Ivy Benjenk, RN, MPH, is a PhD student in the Department of Health Policy and Management at the School of Public Health, University of Maryland at College Park. Prior to beginning the PhD program, Ms. Benjenk worked as a quality improvement professional at the George Washington University Hospital in Washington D.C. and Lutheran Medical Center in Brooklyn, New York. Prior to that, she worked as an inpatient psychiatric nurse at McLean Hospital in Massachusetts and Binghamton General Hospital in upstate New York. Ms. Benjenk is currently a clinical instructor of psychiatric nursing at the George Washington University. Her research interests are in hospital-based quality improvement and patient safety with a specific focus on inpatient psychiatric care.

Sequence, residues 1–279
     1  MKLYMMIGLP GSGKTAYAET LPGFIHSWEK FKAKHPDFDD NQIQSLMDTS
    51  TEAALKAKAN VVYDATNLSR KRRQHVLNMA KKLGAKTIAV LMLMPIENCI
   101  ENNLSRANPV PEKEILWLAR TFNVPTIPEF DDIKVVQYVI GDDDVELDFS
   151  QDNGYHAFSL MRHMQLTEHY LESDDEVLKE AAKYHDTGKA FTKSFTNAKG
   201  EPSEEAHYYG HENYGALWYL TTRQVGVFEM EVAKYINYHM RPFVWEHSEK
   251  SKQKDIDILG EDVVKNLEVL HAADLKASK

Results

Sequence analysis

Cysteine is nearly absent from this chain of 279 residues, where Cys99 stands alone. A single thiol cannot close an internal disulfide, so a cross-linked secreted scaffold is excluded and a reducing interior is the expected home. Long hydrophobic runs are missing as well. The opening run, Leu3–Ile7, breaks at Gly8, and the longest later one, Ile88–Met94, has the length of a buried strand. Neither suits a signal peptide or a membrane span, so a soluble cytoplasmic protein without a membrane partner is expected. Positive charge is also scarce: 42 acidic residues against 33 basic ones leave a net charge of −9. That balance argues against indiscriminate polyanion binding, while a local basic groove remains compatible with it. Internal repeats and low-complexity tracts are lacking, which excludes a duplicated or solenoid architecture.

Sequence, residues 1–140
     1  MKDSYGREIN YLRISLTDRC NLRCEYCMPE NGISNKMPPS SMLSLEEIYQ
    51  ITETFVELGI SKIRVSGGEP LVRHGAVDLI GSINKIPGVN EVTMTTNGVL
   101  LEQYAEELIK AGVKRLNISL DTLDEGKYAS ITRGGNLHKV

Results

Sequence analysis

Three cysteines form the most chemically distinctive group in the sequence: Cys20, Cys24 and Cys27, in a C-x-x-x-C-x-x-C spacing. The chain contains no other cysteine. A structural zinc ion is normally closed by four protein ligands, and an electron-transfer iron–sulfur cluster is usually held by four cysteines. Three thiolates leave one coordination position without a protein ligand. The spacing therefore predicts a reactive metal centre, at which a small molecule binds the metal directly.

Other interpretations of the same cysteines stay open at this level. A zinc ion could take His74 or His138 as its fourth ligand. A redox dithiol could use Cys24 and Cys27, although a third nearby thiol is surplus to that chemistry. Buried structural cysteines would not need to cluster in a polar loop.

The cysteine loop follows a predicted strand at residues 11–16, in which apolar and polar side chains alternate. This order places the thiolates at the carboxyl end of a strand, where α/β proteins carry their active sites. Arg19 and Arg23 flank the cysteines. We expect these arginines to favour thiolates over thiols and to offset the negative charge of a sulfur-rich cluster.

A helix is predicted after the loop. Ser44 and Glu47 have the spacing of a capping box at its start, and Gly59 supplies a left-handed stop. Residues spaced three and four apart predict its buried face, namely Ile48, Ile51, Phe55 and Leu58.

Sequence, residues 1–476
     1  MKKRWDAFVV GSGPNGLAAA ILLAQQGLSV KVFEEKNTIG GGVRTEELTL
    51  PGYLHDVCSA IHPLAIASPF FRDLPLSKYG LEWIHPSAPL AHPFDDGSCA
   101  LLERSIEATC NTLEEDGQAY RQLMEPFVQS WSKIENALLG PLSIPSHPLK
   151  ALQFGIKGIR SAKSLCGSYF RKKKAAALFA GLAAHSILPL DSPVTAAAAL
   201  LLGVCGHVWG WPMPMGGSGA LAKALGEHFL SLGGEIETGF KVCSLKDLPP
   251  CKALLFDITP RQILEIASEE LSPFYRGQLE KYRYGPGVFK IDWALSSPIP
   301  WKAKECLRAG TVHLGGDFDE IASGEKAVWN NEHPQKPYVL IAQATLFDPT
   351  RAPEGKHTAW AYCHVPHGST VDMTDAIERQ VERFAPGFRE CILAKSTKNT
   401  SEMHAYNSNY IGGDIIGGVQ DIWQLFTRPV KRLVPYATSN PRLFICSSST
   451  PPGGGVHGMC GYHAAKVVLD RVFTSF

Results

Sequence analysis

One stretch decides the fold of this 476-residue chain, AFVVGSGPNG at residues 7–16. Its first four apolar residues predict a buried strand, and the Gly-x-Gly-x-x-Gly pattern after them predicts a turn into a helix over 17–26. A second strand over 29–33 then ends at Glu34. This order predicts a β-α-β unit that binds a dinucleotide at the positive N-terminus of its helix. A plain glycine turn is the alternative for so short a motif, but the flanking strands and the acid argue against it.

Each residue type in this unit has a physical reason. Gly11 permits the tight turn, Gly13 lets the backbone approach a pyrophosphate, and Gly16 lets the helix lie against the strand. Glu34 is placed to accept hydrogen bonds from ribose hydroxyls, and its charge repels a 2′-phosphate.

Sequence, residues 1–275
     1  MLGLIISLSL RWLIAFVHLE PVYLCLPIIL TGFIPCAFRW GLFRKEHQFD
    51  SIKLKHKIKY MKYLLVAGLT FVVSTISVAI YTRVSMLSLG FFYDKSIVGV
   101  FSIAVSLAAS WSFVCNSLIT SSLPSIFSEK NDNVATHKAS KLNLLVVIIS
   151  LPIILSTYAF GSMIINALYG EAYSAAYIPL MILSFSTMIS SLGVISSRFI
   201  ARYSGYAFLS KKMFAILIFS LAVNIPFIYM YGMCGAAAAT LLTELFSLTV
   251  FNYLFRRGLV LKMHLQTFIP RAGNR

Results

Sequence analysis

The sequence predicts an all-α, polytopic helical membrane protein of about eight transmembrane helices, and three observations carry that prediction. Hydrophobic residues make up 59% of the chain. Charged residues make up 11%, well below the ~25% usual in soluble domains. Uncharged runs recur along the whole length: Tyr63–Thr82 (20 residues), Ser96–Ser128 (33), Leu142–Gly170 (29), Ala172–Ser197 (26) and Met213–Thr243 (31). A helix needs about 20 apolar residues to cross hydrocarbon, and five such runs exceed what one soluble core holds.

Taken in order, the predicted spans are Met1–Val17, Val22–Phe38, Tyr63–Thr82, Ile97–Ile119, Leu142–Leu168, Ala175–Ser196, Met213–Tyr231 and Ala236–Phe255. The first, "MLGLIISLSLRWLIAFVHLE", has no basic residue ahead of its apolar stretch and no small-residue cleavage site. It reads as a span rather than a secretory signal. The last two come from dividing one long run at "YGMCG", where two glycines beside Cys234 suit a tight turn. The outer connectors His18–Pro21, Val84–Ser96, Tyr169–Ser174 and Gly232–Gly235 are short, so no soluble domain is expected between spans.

Aitalohi (Aita) Amaize, MPH, BSN, RN, CEN, SANE-A, is a PhD candidate in the Department of Health Policy and Management at University of Maryland-College Park's School of Public Health. Her research interests are in health service delivery systems and utilization / access specifically in vulnerable populations that face challenges related to social determinants of health. Other areas of interest are coordination of care, care transitions, use of technology to enhance care management across the care continuum, primary care (particularly health centers), workforce issues (particularly nursing and lay professionals), behavioral health integration, population health, and health system transformation. Prior to joining the HAPPY Lab, Aita worked as the RN Clinical Program Manager for the Transition of Care Program at Unity Health Care, Inc., Washington DC's largest Federally-Qualified Health Center. In that position, she led a multi-disciplinary team of Registered Nurses, Community Health Workers, and Case Managers to implement an intensive care management program targeting high hospital utilizers. In 2017, she was part of the National Council for Behavioral Health's Addressing Health Disparities Leadership Program, and was awarded a UMD All-S.T.A.R. fellowship for her work on a rural health assessment of Mid-Shore Maryland communities. She is a former emergency department and forensic nurse with a passion for bettering the conditions of underserved and hypermarginalized populations. She has worked with under-insured women in New York City, homeless persons in Boston, children in The Philippines, and survivors of sexual and intimate-partner violence in D.C. She holds a BA in Psychology from Princeton University (with certificates in Neuroscience and African-American Studies) and an MPH from The Johns Hopkins University Bloomberg School of Public Health (with certificates in Health Communications and Health Disparities). She received her BSN from The Johns Hopkins University School of Nursing as a second-degree NURSE Corps and New Careers in Nursing (NCIN) scholar.